Meanwhile it's not just the ongoing intransigence that is so galling. It's the arrogance. What about all those other parties? What about all their voters? The SDLP, the UUP, Alliance, the Greens? All disenfranchised as the two parties of the extreme continue their petty standoff.
Female leaders, I used to think, would understand that occasionally giving ground for the greater good does not actually make you look weak. It makes you look the bigger of the two protagonists.
People don't see it as blinking first when it's putting the country first.
Yet as this saddest of weeks draws to an end and the challenging words of the priest still echo, it's still as-you-were on the political impasse.
The question now - is there a leader big enough, brave enough and, yes, woman enough to make the right move?
Naked truth on TV 'peep shows'
There are very few issues of a personal nature which television believes can't be cured by nudity. And so to Naked Beach, the Channel 4 show which invites people with body confidence issues to... well, get naked on a beach. In front of a television audience of millions. Maybe those taking part are exhibitionists to begin with. But it does also seem to be a sad trend these days - turning the insecurities of the vulnerable into a TV peep show.
Emma’s acting high and mighty
Eyebrow-Raising Flight of the Week. The 5,000-plus air miles notched up by actress Emma Thompson so that she could join an eco protest in London and lecture the rest of us on... not flying so much. Still. Emma wasn't the only one guilty of double standards. How come all those plastic water bottles at the protest site? Also, re gluing yourself to Jeremy's fence etc - is glue (and the stuff needed to remove it) environmentally friendly?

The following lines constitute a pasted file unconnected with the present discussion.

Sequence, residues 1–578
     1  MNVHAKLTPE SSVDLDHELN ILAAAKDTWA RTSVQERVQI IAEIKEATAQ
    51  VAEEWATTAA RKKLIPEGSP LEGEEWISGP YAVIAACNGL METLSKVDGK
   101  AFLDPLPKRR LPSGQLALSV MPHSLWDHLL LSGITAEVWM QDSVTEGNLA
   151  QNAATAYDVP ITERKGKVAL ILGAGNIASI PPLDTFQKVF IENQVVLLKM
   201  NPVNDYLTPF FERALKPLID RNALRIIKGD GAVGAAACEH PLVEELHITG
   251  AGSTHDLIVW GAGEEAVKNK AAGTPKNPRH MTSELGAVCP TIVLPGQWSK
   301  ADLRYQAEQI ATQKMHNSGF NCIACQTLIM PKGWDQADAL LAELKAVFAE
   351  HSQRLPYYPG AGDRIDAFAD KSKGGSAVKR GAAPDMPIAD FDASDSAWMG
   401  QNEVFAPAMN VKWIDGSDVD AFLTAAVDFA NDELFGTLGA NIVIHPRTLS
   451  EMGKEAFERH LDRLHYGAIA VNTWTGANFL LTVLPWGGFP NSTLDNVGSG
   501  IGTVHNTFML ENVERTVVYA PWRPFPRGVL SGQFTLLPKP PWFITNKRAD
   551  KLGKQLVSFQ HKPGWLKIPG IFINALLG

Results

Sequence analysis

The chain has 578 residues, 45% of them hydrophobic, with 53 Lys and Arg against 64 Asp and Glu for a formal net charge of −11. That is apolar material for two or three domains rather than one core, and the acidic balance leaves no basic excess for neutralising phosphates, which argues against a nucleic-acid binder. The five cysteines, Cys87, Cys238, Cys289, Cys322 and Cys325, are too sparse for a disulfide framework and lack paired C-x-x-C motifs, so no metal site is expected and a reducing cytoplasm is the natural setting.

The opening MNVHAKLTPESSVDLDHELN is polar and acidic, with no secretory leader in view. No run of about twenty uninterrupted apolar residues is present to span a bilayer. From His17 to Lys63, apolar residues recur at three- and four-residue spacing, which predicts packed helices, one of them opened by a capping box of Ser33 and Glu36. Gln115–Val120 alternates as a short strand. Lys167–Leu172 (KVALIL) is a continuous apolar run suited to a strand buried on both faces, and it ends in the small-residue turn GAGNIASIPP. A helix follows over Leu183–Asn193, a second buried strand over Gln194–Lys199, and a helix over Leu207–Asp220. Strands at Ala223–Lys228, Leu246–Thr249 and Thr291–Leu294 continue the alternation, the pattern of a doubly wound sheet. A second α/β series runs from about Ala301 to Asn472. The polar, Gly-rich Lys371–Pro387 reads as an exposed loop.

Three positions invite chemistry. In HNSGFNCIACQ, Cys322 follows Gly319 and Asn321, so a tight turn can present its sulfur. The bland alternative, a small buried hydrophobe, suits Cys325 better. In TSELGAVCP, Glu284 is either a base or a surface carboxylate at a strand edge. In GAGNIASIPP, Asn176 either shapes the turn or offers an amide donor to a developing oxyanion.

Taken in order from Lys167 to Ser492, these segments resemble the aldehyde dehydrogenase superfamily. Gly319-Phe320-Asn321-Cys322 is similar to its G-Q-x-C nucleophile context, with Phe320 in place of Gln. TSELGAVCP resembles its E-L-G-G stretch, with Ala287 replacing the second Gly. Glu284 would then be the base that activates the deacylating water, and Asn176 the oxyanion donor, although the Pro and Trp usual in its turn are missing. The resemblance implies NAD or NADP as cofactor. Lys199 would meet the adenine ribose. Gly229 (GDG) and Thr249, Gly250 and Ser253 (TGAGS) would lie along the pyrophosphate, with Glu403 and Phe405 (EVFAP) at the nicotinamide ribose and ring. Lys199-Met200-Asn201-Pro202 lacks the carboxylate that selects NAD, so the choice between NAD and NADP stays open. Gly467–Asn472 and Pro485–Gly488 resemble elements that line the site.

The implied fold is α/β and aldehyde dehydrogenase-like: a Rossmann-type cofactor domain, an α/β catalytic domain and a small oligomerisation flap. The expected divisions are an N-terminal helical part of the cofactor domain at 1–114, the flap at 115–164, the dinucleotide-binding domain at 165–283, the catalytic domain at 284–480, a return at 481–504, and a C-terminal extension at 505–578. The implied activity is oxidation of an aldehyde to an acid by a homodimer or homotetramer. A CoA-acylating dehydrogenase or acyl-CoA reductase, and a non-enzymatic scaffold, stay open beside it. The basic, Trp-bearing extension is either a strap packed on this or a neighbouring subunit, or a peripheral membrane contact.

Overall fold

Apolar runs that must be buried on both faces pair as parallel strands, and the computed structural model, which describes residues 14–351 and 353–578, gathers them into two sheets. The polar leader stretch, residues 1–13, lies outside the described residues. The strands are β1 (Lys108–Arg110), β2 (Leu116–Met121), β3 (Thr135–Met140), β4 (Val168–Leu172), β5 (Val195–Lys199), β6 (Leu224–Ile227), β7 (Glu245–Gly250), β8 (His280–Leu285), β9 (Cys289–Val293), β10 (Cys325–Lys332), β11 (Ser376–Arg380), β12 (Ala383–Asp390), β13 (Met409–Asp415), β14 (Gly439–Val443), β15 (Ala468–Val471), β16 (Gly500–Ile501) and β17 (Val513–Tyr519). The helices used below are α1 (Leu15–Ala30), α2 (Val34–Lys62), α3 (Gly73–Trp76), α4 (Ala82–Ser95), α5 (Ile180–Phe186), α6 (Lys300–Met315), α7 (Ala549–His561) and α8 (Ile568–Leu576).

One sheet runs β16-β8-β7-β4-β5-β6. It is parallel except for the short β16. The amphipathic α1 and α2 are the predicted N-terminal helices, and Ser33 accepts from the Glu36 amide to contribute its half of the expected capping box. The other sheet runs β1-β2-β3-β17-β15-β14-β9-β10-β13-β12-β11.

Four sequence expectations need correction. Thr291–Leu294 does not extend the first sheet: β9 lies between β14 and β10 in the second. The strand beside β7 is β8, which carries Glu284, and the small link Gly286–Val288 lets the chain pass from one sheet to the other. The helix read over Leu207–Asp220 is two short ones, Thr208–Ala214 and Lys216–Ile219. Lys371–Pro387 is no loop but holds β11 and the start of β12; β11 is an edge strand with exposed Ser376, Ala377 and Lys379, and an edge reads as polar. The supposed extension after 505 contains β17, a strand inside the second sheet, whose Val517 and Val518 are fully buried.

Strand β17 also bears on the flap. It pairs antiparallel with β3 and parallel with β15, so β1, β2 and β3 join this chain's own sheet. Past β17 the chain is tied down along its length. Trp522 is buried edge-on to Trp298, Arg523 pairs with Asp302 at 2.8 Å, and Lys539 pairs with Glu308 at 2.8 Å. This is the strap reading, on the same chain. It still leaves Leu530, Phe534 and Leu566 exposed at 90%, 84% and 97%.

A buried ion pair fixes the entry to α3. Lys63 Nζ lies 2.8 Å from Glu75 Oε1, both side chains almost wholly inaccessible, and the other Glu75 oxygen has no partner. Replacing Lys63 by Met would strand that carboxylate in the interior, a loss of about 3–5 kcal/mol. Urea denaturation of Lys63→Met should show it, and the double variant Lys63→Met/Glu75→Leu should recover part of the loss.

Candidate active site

President Trump might last another four years in power... but will his hair?
Hair is a bit of a barometer of the stresses of high office - and a very visible measurement of fleeting time.
Barack Obama entered the Oval Office with a head of dark hair. He left greyer than George Clooney.
Tony Blair was similarly dark-haired when he entered Downing Street. Within a few years he was white. Vladimir Putin came to power as a Slavic blond. Now he's just shiny.
Donald Trump isn't any different. His time in the White House has taken its toll too on a hairdo which was once a glorious bouffant of orange candyfloss. Now it's a few straggly bleached fronds combed over at the front and oddly almost a punk-style Mohican at the back.
Four years on, will Donald even have a hair on his head?
We may find out because, confusingly, the Democratic Party which will take him on in the next presidential race now has a bigger card of runners than the Grand National.
Leading the field is Joe Biden who this week entered the race with a television commercial promoting himself as the saviour of America. His words were accompanied by stirring movie music - it was a bit like the speech from Bruce Willis before he sets out to singlehandedly nuke the incoming asteroid.
Whether Trump gets his four-year hair extension is hard to call. But one thing you could never accuse the man of is immodesty. In that respect, where some of his would-be challengers are concerned, there's not a hair's breadth between them.